Sunday, 20 August 2017
Unexpected diversity in socially synchronized rhythms of shorebirds.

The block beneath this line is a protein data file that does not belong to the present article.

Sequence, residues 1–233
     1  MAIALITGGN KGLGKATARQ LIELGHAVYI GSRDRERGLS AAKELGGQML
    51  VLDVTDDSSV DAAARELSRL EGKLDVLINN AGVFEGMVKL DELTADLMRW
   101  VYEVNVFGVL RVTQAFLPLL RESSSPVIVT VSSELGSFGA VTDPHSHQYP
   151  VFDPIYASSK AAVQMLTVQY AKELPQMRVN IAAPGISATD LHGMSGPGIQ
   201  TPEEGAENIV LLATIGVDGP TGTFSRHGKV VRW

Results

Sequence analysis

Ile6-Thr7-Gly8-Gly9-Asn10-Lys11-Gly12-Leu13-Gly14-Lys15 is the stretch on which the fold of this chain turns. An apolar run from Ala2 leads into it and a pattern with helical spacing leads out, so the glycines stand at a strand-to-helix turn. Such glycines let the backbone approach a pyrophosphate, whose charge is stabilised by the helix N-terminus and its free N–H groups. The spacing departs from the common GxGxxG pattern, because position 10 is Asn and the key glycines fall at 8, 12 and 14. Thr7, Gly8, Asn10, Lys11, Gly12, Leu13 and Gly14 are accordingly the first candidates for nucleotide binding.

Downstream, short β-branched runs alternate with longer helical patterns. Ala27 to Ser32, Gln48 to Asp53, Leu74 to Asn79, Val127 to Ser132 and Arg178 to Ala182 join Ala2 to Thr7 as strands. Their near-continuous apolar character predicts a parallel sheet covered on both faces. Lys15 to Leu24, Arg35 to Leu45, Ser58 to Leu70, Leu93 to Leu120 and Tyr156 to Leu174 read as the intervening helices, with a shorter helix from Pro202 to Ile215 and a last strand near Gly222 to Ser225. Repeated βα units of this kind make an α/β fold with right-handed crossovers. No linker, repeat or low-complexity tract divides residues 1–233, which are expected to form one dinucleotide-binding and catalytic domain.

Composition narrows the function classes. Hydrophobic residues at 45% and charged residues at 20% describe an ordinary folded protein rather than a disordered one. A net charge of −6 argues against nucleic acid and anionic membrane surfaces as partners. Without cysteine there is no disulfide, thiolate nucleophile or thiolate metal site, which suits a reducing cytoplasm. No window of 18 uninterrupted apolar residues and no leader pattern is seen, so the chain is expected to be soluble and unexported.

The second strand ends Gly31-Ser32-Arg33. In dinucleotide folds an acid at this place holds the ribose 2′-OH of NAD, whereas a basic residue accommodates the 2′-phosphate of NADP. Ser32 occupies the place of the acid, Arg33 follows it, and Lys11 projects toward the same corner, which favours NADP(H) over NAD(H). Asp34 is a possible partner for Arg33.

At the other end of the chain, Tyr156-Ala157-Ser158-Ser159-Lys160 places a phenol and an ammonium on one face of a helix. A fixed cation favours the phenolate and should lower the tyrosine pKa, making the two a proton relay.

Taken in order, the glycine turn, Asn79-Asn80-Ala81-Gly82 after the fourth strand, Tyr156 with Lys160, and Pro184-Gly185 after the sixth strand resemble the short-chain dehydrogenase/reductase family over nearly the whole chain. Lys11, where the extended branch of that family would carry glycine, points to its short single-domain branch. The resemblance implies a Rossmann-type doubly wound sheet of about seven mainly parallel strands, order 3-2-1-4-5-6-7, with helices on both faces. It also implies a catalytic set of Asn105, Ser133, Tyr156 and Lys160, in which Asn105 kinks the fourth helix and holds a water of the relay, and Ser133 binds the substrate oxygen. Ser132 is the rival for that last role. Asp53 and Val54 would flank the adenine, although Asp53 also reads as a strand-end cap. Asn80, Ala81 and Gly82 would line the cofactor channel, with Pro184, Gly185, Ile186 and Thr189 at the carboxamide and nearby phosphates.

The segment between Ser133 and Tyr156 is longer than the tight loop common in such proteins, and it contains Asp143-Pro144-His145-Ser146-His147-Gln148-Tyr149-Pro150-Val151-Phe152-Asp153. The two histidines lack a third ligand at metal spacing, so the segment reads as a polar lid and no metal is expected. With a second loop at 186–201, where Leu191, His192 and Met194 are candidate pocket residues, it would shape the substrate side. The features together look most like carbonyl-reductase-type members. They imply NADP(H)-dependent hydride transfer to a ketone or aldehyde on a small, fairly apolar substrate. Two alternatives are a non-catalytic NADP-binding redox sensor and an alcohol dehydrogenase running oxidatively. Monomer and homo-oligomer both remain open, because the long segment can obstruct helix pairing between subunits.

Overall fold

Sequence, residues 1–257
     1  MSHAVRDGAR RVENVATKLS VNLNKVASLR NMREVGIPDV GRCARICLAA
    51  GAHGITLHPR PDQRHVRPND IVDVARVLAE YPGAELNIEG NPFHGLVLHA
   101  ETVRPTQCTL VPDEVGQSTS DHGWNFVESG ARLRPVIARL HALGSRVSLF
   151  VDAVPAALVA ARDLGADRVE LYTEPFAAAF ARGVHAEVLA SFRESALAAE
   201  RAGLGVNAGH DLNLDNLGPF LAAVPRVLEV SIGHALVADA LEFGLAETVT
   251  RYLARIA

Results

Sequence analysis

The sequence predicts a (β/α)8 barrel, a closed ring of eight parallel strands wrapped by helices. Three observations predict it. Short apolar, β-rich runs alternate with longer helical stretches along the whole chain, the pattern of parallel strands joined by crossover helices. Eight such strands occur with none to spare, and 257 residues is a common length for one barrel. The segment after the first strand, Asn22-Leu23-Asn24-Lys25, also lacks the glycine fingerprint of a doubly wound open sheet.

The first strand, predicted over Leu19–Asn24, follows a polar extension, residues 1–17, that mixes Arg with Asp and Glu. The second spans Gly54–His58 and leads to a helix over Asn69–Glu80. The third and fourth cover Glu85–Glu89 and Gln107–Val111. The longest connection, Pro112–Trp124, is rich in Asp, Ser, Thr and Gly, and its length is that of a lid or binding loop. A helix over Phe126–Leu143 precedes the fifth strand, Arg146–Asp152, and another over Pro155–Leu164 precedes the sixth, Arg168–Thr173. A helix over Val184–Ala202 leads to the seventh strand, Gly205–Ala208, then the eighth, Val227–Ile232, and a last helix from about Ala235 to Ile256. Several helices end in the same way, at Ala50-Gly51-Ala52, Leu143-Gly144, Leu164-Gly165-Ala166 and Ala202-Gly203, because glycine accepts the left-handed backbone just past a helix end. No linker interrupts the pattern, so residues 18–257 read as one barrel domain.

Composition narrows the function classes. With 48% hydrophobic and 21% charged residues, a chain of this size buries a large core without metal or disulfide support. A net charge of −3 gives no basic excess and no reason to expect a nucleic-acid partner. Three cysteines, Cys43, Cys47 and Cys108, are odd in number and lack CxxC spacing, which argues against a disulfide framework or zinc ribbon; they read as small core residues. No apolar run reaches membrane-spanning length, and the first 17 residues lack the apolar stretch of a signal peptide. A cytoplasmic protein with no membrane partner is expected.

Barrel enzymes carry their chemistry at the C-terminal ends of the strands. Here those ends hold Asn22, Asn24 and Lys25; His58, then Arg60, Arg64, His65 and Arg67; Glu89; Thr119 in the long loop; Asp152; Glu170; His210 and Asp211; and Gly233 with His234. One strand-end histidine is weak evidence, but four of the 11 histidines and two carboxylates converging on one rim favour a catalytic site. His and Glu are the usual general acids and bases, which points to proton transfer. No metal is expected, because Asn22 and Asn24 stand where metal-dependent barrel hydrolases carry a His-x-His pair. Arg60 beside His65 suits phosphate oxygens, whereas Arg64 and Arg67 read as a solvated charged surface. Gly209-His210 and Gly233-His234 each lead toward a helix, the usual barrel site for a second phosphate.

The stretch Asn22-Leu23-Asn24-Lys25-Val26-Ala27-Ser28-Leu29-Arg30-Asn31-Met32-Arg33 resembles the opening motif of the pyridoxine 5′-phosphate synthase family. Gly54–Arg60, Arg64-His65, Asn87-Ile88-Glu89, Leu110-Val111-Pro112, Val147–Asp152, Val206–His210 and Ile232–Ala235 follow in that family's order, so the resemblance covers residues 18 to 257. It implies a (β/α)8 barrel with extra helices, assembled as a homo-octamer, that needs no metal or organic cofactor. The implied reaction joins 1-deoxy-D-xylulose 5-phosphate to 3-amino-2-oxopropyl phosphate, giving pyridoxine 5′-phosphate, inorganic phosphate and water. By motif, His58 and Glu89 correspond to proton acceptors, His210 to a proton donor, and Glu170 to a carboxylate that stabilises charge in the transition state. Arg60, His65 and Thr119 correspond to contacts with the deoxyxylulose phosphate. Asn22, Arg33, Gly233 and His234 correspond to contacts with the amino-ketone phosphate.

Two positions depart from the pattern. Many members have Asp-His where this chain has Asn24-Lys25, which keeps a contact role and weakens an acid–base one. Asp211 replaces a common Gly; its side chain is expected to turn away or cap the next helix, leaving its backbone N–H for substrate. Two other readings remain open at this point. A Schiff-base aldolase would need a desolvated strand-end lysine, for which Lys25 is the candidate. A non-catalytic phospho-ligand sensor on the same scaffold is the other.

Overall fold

Nature. 2016 Dec 1;540(7631):109-113. doi: 10.1038/nature20563. Epub 2016 Nov 23. Bulla M1, Valcu M1, Dokter AM2, Dondua AG3, Kosztolányi A4,5, Rutten AL1,6, Helm B7, Sandercock BK8, Casler B, Ens BJ9, Spiegel CS10, Hassell CJ11, Küpper C12, Minton C13, Burgas D14,15, Lank DB16, Payer DC17, Loktionov EY18, Nol E19, Kwon E20, Smith F21, Gates HR22,23,24, Vitnerová H25, Prüter H26, Johnson JA23, St Clair JJ27,28, Lamarre JF29, Rausch J30, Reneerkens J31, Conklin JR31, Burger J32, Liebezeit J33, Bêty J29, Coleman JT34, Figuerola J35, Hooijmeijer JC31, Alves JA36,37, Smith JA38, Weidinger K39, Koivula K40, Gosbell K41, Exo KM42, Niles L43, Koloski L44, McKinnon L45, Praus L39, Klaassen M46, Giroux MA47,48, Sládeček M49, Boldenow ML50, Goldstein MI51, Šálek M49, Senner N31,52, Rönkä N40, Lecomte N48, Gilg O53,54, Vincze O5,55, Johnson OW56, Smith PA57, Woodard PF30, Tomkovich PS58, Battley PF59, Bentzen R60, Lanctot RB23, Porter R61, Saalfeld ST23, Freeman S62, Brown SC24, Yezerinac S63, Székely T64, Montalvo T65, Piersma T31,66, Loverti V67, Pakanen VM40, Tijsen W68, Kempenaers B1. Author information 1 Department of Behavioural Ecology and Evolutionary Genetics, Max Planck Institute for Ornithology, Eberhard Gwinner Str, Seewiesen 82319, Germany. 2 Computational Geo-Ecology, Institute for Biodiversity and Ecosystem Dynamics, University of Amsterdam, Science Park 904, Amsterdam 1098 XH, The Netherlands. 3 Gatchinskaya, apartment 27, Saint Petersburg 197198, Russia. 4 Department of Ecology, University of Veterinary Medicine Budapest, Rottenbiller u. 50, Budapest H-1077, Hungary. 5 MTA-DE 'Lendület' Behavioural Ecology Research Group, Department of Evolutionary Zoology, University of Debrecen, Egyetem tér 1, Debrecen H-4032, Hungary. 6 Apiloa GmbH, Starnberg 82319, Germany. 7 Institute of Biodiversity, Animal Health and Comparative Medicine, University of Glasgow, Graham Kerr Building, Glasgow G12 8QQ, UK. 8 Division of Biology, Kansas State University, 116 Ackert Hall, Manhattan, Kansas 66506-4901, USA. 9 Coastal Ecology Team, Sovon Dutch Centre for Field Ornithology, PO Box 59, Den Burg 1790 AB, Texel, The Netherlands. 10 Division of Migratory Birds, Northeast Region, US Fish and Wildlife Service, 300 Westgate Center Dr, Hadley, Massachusetts 01035, USA. 11 Global Flyway Network, PO Box 3089, Broome, Western Australia 6725, Australia. 12 Institute of Zoology, University of Graz, Universitätsplatz 2, 8010 Graz, Austria. 13 Victorian Wader Study group, 165 Dalgetty Road, Beaumaris, Melbourne, Victoria 3193, Australia. 14 Department of Forest Sciences, University of Helsinki, PO Box 27, Helsinki FI-00014, Finland. 15 Department of Biological and Environmental Sciences, University of Jyväskylä, PO Box 35, Jyväskylä FI-40014, Finland. 16 Department of Biological Sciences, Simon Fraser University, 8888 University Drive, Burnaby, British Columbia V5A 1S6, Canada. 17 Alaska Region, US National Park Service, 240 W 5th Ave, Anchorage, Alaska 99501, USA. 18 State Lab for Photon Energetics, Bauman Moscow State Technical University, 2nd Baumanskaya St, 5-1, Moscow 105005, Russia. 19 Biology Department, Trent University, 2140 East Bank Drive, Peterborough, Ontario K9L 0G2, Canada. 20 Department of Fish and Wildlife Conservation, Virginia Polytechnic Institute and State University, 310 West Campus Drive, Blacksburg, Virginia 24061, USA. 21 Center for Conservation Biology, College of William &Mary and Virginia Commonwealth University, PO Box 8795, Williamsburg, Virginia 23187, USA. 22 Pacifica Ecological Services, 17520 Snow Crest Lane, Anchorage, Alaska, 99516, USA. 23 Migratory Bird Management, US Fish and Wildlife Service, 1011 East Tudor Road, Anchorage, Alaska 99503, USA. 24 Shorebird Recovery Program, Manomet, PO Box 545, Saxtons River, Vermont 05154, USA. 25 Faculty of Science, Charles University in Prague, Albertov 6, Praha 128 43, Czech Republic. 26 Department of Wildlife Diseases, Leibniz Institute for Zoo- and Wildlife Research, Alfred-Kowalke-Straße 17, Berlin 10315, Germany. 27 Biodiversity Lab, Department of Biology and Biochemistry, University of Bath, Claverton Down, Bath BA1 7AY, UK. 28 Centre for Evolutionary Biology, School of Biology, University of Western Australia, Stirling Highway, Crawley, Western Australia 6009, Australia. 29 Département de biologie, chimie et géographie and Centre d'études nordiques (CEN), Université du Québec à Rimouski, 300 allée des Ursulines, Rimouski, Quebec G5L 3A1, Canada. 30 Canadian Wildlife Service, Environment and Climate Change Canada, PO Box 2310, 5019-52nd Street, 4th Floor, Yellowknife, Northwest Territories X1A 2P7, Canada. 31 Conservation Ecology Group, Groningen Institute for Evolutionary Life Sciences, University of Groningen, Nijenborgh 7, Groningen 9747 AG, The Netherlands. 32 Division of Life Sciences, Rutgers University, 604-Allison Road, Piscataway, New Jersey 08854-8082, USA. 33 Audubon Society of Portland, 5151 NW Cornell Road, Portland, Oregon 97210, USA. 34 Queensland Wader Study Group, 22 Parker Street, Brisbane, Queensland 4128, Australia. 35 Department of Wetland Ecology, Doñana Biological Station (CSIC), Av. Américo Vespucio, s/n, Seville 41092, Spain. 36 Centre for Environmental and Marine Studies (CESAM), Department of Biology, University of Aveiro, Campus de Santiago, Aveiro 3810-193, Portugal. 37 South Iceland Research Centre, University of Iceland, Fjolheimar, Selfoss 800, Iceland. 38 LJ Niles Associates, PO Box 784, Cape May, New Jersey 08204, USA. 39 Department of Zoology and Laboratory of Ornithology, Palacký University, 17. Listopadu 50, Olomouc 771 46, Czech Republic. 40 Department of Ecology, University of Oulu, PO Box 3000, Oulu 90014, Finland. 41 Australasian Wader Studies Group, 1/19 Baldwin Road, Blackburn, Melbourne, Victoria 3130, Australia. 42 Institute of Avian Research, Vogelwarte Helgoland, An der Vogelwarte 21, Wilhelmshaven D-26386, Germany. 43 LJ Niles Associates, 109 Market Lane, Greenwich, Connecticut 08323, USA. 44 Environmental and Life Sciences, Trent University, 1600 West Bank Dr, Peterborough, Ontario K0L 0G2, Canada. 45 Bilingual Biology Program, York University Glendon Campus, 2275 Bayview Avenue, Toronto, Ontario M4N 3M6, Canada. 46 Centre for Integrative Ecology, Deakin University, 75 Pigdons Road, Waurn Ponds, Geelong, Victoria 3216, Australia. 47 Canada Research in Northern Biodiversity and Centre d'Études Nordiques, Université du Québec à Rimouski, 300, Allée des Ursulines, Rimouski, Quebec G5L 3A8, Canada. 48 Canada Research in Polar and Boreal Ecology and Centre d'Études Nordiques, Université de Moncton, 18 avenue Antonine-Maillet, Moncton, New Brunswick E4K 1A6, Canada. 49 Faculty of Environmental Sciences, Czech University of Life Sciences Prague, Kamýcká 1176, Suchdol, Prague 16521, Czech Republic. 50 Department of Biology and Wildlife, University of Alaska Fairbanks, PO Box 756100, Fairbanks, Alaska 99775-6100, USA. 51 Alaska Coastal Rainforest Center, University of Alaska Southeast, 11120 Glacier Hwy, Juneau, Alaska 99801, USA. 52 Cornell Lab of Ornithology, 159 Sapsucker Woods Road, Ithaca 14850, USA. 53 Equipe Ecologie Evolution, UMR 6282 Biogéosciences, Université de Bourgogne Franche Comté, 6 Bd Gabriel, Dijon 21000, France. 54 Groupe de Recherche en Ecologie Arctique, 16 Rue de Vernot, Francheville 21440, France. 55 Evolutionary Ecology Group, Hungarian Department of Biology and Ecology, Babeş-Bolyai University, Clinicilor 5-7, Cluj-Napoca RO-400006, Romania. 56 Department of Ecology, Montana State University, Bozeman, Montana 59717, USA. 57 Wildlife Research Division, Environment and Climate Change Canada, 1125 Colonel By Dr, Ottawa, Ontario K1A 0H3, Canada. 58 Zoological Museum, Lomonosov Moscow State University, Bolshaya Nikitskaya St, 6, Moscow 125009, Russia. 59 Institute of Agriculture &Environment, Massey University, Private Bag 11 222, Palmerston North 4442, New Zealand. 60 Arctic Beringia Program, Wildlife Conservation Society, 925 Schloesser Dr, Fairbanks, Alaska 99709, USA. 61 Delaware Bay Shorebird Project, Ambler, Pennsylvania 19002, USA. 62 Arctic National Wildlife Refuge, US Fish and Wildlife Service, 101 12th Ave, Fairbanks, Alaska 99701, USA. 63 Fieldday Consulting, Surrey, British Columbia V4N 6M5, Canada. 64 Milner Centre for Evolution, Department of Biology and Biochemistry, University of Bath, Claverton Down, Bath BA2 7AY, UK. 65 Servei de Vigilància i Control de Plagues Urbanes, Agència de Salut Pública de Barcelona, Av. Príncep d'Astúries 63, Barcelona 8012, Spain. 66 NIOZ Royal Netherlands Institute for Sea Research, Department of Coastal Systems and Utrecht University, PO Box 59, Den Burg 1790 AB, Texel, The Netherlands. 67 Migratory Bird and Habitat Program, US Fish and Wildlife Service, 911 NE 11th Avenue, Portland, Oregon 97232, USA. 68 Poelweg 12, Westerland 1778 KB, The Netherlands. Abstract The behavioural rhythms of organisms are thought to be under strong selection, influenced by the rhythmicity of the environment. Such behavioural rhythms are well studied in isolated individuals under laboratory conditions, but free-living individuals have to temporally synchronize their activities with those of others, including potential mates, competitors, prey and predators. Individuals can temporally segregate their daily activities (for example, prey avoiding predators, subordinates avoiding dominants) or synchronize their activities (for example, group foraging, communal defence, pairs reproducing or caring for offspring). The behavioural rhythms that emerge from such social synchronization and the underlying evolutionary and ecological drivers that shape them remain poorly understood. Here we investigate these rhythms in the context of biparental care, a particularly sensitive phase of social synchronization where pair members potentially compromise their individual rhythms. Using data from 729 nests of 91 populations of 32 biparentally incubating shorebird species, where parents synchronize to achieve continuous coverage of developing eggs, we report remarkable within- and between-species diversity in incubation rhythms. Between species, the median length of one parent's incubation bout varied from 1-19 h, whereas period length-the time in which a parent's probability to incubate cycles once between its highest and lowest value-varied from 6-43 h. The length of incubation bouts was unrelated to variables reflecting energetic demands, but species relying on crypsis (the ability to avoid detection by other animals) had longer incubation bouts than those that are readily visible or who actively protect their nest against predators. Rhythms entrainable to the 24-h light-dark cycle were less prevalent at high latitudes and absent in 18 species. Our results indicate that even under similar environmental conditions and despite 24-h environmental cues, social synchronization can generate far more diverse behavioural rhythms than expected from studies of individuals in captivity. The risk of predation, not the risk of starvation, may be a key factor underlying the diversity in these rhythms. Comment in Biological rhythms: Wild times. [Nature. 2016] PMID: 27880762 DOI: 10.1038/nature20563 [Indexed for MEDLINE]